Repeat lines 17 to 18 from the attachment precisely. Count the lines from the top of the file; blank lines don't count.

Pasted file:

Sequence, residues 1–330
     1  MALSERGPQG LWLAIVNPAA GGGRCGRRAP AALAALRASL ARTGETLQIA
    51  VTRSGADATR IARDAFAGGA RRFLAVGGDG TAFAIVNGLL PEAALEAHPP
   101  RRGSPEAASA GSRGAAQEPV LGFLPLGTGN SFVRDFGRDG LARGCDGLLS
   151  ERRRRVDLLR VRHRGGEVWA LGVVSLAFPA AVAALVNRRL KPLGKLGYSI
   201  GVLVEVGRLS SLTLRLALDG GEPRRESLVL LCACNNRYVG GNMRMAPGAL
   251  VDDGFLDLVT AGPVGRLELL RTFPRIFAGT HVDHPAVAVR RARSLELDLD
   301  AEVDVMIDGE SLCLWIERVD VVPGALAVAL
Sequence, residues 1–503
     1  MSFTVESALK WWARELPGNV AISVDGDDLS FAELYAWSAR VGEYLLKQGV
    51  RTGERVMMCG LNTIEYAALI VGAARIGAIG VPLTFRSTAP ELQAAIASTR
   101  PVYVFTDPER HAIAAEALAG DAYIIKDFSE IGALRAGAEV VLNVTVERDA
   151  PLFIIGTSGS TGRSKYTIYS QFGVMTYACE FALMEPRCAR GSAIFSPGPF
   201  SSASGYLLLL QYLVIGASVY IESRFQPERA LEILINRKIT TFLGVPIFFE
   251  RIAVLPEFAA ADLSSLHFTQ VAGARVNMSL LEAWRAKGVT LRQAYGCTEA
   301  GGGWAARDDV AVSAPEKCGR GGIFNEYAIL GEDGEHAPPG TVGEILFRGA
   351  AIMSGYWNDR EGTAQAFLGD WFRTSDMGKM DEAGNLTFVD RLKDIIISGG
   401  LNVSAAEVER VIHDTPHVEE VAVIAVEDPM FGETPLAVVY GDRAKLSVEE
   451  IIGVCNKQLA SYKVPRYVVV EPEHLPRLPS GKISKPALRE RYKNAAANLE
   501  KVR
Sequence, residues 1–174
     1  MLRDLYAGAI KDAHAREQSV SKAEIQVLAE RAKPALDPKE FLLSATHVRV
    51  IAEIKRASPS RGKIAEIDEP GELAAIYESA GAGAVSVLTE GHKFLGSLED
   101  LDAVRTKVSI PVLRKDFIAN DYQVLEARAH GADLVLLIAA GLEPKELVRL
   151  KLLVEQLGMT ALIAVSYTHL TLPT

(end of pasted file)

   351  AIMSGYWNDR EGTAQAFLGD WFRTSDMGKM DEAGNLTFVD RLKDIIISGG
   401  LNVSAAEVER VIHDTPHVEE VAVIAVEDPM FGETPLAVVY GDRAKLSVEE